Career and Money Advice At The Intersection Of Business And Technology

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Retire early? or Never retire?

January 15th, 2009 · 1 Comment

"Do you know Investment Banking is really cut-throat, and you won’t have a life for a long time?"

"I know, I know. My plan is to work really hard for 10 years, make a lot of money, and then retire. I’ll work really hard."

I had this conversation with several of my classmates when I was in business school. Working really hard and then retiring to the beach was the goal for many people I know.

The funny thing is when I ask them if they know anyone who is retired and living happily, most of them cannot give me a name.

They have a imaginary role model who has made a lot of money, retired early, and just hang out at the beach.

I happened to know a few friends who sold their businesses in their early-to-mid 30’s. All of them planned to retire. But, they got bored after three months. In fact, most of them went though boredom, confusion, or even depression. Eventually, they decided to start another business, go back to school to get a PHD, or go to work for a company.

Larry King interviewed "Team Oprah" the other night. Oprah is a billionaire, and one of the most influential people in the world. She has everything one could ask for. But, she is mad at herself to become overweighed again. Her personal trainer (Bob Greene) suggested to her that she might have depression.

Money, fame, and early retirement won’t give you the happiness you’ve been seeking.

Do you know anyone who tap-dances to work everyday for the past 40+ years? That’s Warren Buffet. He is the second richest person on the planet. He is still working at age 78, and he has no plan to retire.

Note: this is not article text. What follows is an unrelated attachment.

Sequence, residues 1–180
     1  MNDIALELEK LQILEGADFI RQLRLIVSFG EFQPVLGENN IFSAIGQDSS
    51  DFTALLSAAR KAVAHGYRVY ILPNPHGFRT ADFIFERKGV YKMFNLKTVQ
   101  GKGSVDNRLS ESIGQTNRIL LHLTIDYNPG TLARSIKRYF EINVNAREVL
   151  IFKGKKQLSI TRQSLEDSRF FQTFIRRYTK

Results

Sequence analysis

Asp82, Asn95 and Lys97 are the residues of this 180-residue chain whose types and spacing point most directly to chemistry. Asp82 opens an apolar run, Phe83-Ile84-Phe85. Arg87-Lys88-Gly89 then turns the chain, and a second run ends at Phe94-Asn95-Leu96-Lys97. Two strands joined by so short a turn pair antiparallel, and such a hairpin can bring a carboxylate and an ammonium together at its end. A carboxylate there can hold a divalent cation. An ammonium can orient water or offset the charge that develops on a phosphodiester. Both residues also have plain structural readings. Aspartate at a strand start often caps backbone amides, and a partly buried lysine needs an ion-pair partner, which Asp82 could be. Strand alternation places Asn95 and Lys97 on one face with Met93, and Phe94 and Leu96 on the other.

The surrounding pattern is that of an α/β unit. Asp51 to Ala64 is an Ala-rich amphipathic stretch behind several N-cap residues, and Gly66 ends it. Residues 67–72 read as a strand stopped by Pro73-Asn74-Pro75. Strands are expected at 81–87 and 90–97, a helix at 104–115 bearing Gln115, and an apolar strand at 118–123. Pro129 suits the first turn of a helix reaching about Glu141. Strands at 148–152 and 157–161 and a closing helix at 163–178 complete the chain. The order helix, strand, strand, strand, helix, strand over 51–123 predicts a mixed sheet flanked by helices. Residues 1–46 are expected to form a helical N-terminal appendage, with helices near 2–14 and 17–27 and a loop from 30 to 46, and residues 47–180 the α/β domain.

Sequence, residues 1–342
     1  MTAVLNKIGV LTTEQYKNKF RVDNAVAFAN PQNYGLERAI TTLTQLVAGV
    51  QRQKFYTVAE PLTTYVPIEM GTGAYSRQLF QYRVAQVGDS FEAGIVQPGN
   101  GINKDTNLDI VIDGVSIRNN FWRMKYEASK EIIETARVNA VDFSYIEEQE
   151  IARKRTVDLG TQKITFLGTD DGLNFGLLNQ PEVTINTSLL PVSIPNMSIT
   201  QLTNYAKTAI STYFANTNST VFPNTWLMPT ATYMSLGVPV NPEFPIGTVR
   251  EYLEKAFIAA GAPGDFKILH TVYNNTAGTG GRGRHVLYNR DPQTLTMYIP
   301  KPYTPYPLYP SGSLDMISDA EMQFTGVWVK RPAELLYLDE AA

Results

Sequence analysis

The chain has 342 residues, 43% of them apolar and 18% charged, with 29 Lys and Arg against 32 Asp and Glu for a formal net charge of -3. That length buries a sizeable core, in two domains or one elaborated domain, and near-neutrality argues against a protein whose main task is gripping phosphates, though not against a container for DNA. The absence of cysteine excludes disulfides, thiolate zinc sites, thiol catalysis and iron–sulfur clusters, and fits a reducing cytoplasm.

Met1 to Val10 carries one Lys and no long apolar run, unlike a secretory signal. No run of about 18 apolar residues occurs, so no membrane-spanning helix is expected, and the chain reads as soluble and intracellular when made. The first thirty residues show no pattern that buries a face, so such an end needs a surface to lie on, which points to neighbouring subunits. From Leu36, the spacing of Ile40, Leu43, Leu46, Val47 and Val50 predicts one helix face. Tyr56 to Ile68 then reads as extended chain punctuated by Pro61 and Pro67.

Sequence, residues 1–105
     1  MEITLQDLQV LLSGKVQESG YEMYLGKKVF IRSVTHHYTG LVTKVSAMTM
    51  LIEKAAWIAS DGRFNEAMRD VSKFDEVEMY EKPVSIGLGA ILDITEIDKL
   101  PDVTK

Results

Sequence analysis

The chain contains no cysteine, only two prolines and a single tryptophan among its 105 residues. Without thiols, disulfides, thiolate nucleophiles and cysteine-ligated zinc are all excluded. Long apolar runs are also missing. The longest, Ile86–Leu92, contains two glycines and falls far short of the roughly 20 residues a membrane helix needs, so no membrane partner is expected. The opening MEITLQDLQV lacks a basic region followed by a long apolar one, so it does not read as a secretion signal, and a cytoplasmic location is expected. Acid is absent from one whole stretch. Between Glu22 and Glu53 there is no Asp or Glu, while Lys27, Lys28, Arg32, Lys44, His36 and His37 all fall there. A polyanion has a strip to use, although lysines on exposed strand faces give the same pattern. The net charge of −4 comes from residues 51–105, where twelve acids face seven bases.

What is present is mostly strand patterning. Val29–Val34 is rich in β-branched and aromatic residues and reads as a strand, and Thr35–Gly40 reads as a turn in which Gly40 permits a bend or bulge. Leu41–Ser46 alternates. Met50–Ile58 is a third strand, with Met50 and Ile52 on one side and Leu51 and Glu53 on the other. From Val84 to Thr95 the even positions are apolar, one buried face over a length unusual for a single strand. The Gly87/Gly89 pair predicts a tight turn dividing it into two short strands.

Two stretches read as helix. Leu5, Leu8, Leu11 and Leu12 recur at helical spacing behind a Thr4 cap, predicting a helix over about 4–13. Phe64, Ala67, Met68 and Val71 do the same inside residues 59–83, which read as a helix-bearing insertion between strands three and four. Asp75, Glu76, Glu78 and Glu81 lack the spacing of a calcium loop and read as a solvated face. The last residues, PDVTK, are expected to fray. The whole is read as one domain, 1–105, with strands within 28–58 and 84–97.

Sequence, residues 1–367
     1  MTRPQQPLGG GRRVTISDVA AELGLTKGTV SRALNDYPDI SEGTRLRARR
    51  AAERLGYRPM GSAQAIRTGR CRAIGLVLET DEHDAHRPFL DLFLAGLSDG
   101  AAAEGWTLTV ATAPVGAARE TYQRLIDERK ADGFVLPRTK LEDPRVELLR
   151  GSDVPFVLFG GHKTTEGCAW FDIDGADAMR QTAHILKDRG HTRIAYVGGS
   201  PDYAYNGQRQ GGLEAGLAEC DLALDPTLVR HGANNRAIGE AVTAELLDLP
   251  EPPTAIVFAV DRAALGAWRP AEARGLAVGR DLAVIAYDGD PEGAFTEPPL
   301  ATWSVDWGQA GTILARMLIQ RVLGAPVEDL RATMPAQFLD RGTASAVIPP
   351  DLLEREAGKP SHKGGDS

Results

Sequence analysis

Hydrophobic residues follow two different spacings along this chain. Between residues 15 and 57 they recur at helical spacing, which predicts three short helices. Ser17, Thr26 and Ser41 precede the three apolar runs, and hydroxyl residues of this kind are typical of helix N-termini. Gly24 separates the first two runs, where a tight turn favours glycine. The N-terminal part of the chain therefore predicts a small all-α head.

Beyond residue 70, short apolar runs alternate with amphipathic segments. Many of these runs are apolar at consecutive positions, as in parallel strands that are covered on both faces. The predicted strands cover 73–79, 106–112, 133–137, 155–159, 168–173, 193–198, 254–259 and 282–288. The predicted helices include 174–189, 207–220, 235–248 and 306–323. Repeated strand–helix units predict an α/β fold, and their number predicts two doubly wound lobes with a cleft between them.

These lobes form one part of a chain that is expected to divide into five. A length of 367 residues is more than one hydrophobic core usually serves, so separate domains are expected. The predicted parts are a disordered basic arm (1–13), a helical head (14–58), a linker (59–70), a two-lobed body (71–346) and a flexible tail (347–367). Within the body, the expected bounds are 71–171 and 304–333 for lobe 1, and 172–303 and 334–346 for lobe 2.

Do you know someone who at age 85 arises around 5:30 a.m and spends two hours reading (and two more each night), still has a hand-on role in all activities at Dole and Castle & Cooke, exercises like a much younger person nearly every day? That’s David Murdock.

Do you know someone who at age 89 still light up when he talks about science, and continue to produce excellent science writing? That’s veteran science reporter David Perlman of San Francisco Chronicle.

It seems to me "never retire" is a better option — if you’re really passionate about what you’re doing.

Tags: Frustration@Work · Work/Life Balance

1 response so far ↓

  • 1 May // Jan 18, 2009 at 2:48 am

    I totally agree…. In a few months, I would have enough years at my company to leave with retirement benefits. I still plan on working as long as I can – elsewhere . Heck there are so fields I’m fascinated about…so many things yet to learn , why retire?

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